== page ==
Chinese government hackers suspected of moonlighting for profit

FILE PHOTO: An attendee looks on during the 2016 Black Hat cyber-security conference in Las Vegas, Nevada, U.S. August 3, 2016. REUTERS/David Becker/File Photo

By Joseph Menn, Jack Stubbs and Christopher Bing

LAS VEGAS (Reuters) – One of the most effective teams of Chinese government-backed hackers is also conducting financially-motivated side operations, cybersecurity researchers said on Wednesday.

U.S. firm FireEye said members of the group it called Advanced Persistent Threat 41 (APT41) penetrated and spied on global tech, communications and healthcare providers for the Chinese government while using ransomware against game companies and attacking cryptocurrency providers for personal profit.

The findings, announced at the Black Hat security conference in Las Vegas, show how some of the world’s most advanced hackers increasingly pose a threat to consumers and companies not traditionally targeted by state-backed espionage campaigns.

“APT41 is unique among the China-Nexus actors we track in that it uses tools typically reserved for espionage campaigns in what appears to be activity for personal gain,” said FireEye Senior Vice President Sandra Joyce.

Officials in China did not immediately respond to Reuters request for comment. Beijing has repeatedly denied Western accusations of conducting widespread cyber espionage.

FireEye said the APT 41 group used some of the same tools as another group it has previously reported on, which FireEye calls APT17 and Russian security firm Kaspersky calls Winnti.

Current and former Western intelligence officials told Reuters Chinese hacking groups were known to pursue commercial crimes alongside their state-backed operations.

FireEye, which sells cybersecurity software and services, said one member of APT41 advertised as a hacker for hire in 2009 and listed hours of availability outside of the normal workday, circumstantial evidence of moonlighting.

The group has used spear-phishing, or trick emails designed to elicit login information. But it has also deployed root kits, which are relatively rare and give hard-to-detect control over computers. In all, the group has used nearly 150 unique pieces of malware, FireEye said.

The most technically impressive feats included tainting millions of copies of a utility called CCleaner, now owned by security company Avast. Only a small number of specially selected, high-value computers were fully compromised, making detection of the hack more difficult.

Avast said that it had worked with security researchers and law enforcement to stop the attack and that no damage was detected. The company did not have any immediate further comment on Wednesday.

In March, Kaspersky found the group hijacked Asus’ software update process to reach more than 1 million computers, again targeting a much smaller number of end-users. Asus said the next day it had issued a fix for the attack, which affected “a small number of devices.”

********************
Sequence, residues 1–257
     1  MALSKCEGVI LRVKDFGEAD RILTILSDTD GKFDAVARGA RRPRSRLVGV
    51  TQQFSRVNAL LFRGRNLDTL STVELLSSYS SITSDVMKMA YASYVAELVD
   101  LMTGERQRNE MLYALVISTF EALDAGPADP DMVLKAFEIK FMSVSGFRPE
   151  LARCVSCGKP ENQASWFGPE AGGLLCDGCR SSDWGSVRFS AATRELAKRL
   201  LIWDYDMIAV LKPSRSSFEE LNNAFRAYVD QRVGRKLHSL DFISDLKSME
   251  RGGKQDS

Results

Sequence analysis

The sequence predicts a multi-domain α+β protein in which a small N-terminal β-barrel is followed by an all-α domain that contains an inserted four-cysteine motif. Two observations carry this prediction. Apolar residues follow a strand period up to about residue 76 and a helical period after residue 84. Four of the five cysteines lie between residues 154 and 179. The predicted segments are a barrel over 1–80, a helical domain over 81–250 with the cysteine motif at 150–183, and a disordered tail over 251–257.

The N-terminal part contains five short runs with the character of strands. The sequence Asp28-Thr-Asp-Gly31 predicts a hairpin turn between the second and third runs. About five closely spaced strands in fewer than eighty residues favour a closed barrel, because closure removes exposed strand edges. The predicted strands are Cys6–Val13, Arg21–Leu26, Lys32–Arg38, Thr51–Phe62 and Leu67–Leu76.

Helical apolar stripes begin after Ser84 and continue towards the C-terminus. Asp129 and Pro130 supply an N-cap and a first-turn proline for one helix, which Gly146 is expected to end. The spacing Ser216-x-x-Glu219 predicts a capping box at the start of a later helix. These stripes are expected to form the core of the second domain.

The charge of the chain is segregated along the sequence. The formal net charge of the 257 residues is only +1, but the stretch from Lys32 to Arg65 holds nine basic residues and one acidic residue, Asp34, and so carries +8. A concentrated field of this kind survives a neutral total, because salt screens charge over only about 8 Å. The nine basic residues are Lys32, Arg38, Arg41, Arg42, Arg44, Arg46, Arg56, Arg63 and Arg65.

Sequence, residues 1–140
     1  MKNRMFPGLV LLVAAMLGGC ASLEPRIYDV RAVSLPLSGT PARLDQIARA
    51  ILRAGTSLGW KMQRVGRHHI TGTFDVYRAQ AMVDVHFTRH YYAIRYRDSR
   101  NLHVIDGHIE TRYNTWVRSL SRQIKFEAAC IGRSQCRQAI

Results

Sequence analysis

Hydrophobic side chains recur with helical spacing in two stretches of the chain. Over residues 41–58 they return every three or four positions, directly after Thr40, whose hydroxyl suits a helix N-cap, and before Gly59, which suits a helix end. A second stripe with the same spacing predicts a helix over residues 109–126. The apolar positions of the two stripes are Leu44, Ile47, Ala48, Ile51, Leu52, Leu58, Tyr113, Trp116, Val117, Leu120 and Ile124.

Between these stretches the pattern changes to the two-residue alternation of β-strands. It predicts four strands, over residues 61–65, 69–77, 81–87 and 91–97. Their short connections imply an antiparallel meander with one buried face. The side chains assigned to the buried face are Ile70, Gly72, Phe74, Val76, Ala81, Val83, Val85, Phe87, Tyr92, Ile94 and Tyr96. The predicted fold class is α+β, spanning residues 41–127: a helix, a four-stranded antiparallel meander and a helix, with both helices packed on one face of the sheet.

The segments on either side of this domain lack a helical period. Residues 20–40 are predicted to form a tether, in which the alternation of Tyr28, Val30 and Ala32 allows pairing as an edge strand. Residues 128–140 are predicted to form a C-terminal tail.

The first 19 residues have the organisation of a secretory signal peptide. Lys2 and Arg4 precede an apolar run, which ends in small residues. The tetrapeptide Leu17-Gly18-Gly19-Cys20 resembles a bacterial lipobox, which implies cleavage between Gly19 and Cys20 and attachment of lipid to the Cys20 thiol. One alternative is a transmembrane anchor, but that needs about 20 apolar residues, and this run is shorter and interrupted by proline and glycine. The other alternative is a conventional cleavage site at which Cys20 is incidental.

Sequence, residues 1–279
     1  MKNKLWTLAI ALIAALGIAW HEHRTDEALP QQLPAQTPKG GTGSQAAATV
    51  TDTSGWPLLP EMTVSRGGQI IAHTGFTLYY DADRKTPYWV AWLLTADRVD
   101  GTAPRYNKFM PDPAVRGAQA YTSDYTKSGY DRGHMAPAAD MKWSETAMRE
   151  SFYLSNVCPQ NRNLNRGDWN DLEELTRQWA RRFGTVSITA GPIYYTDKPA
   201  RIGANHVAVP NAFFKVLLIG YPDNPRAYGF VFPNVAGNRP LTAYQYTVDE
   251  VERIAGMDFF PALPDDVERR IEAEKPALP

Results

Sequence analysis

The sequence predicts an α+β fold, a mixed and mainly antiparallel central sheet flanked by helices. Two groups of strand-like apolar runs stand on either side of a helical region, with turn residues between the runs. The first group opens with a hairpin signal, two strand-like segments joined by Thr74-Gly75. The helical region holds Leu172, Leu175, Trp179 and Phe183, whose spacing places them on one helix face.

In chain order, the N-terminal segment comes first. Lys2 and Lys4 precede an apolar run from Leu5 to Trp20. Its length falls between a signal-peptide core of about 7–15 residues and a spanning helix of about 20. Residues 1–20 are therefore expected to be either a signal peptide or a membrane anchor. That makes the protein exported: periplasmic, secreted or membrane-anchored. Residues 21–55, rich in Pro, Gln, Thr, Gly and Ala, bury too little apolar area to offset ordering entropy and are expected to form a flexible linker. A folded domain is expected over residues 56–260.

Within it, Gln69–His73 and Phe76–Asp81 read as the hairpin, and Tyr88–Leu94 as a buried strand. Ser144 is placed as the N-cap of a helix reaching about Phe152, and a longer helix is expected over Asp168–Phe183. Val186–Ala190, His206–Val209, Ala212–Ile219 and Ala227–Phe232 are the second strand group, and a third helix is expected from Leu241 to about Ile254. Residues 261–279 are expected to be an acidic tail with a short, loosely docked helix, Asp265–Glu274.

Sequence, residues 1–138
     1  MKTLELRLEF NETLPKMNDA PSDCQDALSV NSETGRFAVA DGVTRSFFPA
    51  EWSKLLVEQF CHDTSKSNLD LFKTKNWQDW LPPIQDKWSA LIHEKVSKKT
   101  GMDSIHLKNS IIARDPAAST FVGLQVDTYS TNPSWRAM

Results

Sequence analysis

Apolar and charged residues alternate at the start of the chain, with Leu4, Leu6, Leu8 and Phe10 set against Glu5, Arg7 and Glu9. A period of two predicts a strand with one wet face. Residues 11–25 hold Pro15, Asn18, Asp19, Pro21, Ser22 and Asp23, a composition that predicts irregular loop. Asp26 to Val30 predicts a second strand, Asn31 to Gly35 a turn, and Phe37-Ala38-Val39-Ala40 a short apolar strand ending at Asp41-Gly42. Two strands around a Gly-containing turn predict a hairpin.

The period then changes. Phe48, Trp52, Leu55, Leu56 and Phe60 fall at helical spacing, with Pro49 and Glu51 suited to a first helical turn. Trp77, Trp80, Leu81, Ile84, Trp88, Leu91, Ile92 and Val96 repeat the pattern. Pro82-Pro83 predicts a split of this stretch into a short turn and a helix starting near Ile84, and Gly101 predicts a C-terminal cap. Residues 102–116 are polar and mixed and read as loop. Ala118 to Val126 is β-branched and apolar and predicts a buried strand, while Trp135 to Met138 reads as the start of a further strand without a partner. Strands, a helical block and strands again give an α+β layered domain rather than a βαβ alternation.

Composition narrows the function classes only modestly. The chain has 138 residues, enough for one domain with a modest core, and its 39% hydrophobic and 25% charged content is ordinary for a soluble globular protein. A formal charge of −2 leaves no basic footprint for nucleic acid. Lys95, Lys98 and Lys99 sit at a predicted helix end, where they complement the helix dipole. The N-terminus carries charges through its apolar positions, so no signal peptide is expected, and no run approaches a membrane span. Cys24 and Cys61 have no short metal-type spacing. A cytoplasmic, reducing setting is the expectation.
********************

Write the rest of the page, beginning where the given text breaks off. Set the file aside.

“We have evidence that at least one telecom company may have been the intended target during the Asus compromise, which is consistent with APT41’s espionage targeting over the past two years,” said FireEye spokesman Dan Wire.

But FireEye and Slovakia-based cybersecurity company ESET said the gaming compromises aligned with financial motives more than national espionage. Among other things, the group won access to a game’s production environment and generated tens of millions of dollars’ worth of virtual currency, FireEye said.

(Reporting by Joseph Menn, Jack Stubbs and Chris Bing; Editing by Greg Mitchell and Nick Zieminski)

U.S. charges WikiLeaks founder Julian Assange with espionage

FILE PHOTO: WikiLeaks founder Julian Assange leaves Southwark Crown Court after being sentenced in London, Britain, May 1, 2019. REUTERS/Henry Nicholls/File Photo

By Sarah N. Lynch and Mark Hosenball

WASHINGTON (Reuters) – The U.S. Justice Department unveiled 17 new criminal charges against WikiLeaks founder Julian Assange on Thursday, saying he unlawfully published the names of classified sources and conspired with and assisted ex-Army intelligence analyst Chelsea Manning in obtaining access to classified information.

The superseding indictment comes a little more than a month after the Justice Department unsealed a narrower criminal case against Assange.

Assange was initially charged with conspiring with Manning to gain access to a government computer as part of a 2010 leak by WikiLeaks of hundreds of thousands of U.S. military reports about the wars in Afghanistan and Iraq.

He now faces a total of 18 criminal counts and could face many decades in prison if convicted.

“These unprecedented charges demonstrate the gravity of the threat the criminal prosecution of Julian Assange poses to all journalists in their endeavor to inform the public about actions that have been taken by the U.S. government,” said Barry Pollack, an American attorney for Assange.

The Justice Department said that not only did Assange aid and encourage Manning with the theft of classified materials, but he jeopardized the lives of human sources that included Afghans, Iraqis, journalists, religious leaders, human rights advocates and political dissidents from repressive regimes by publishing their identities.

Law enforcement officials said on Thursday that the State Department had pleaded with Assange not to reveal the identities of such sources, but Wikileaks ignored the warning.

Manning was arrested in May 2010 and convicted by court-martial in 2013 of espionage in connection with the 2010 Wikileaks disclosures.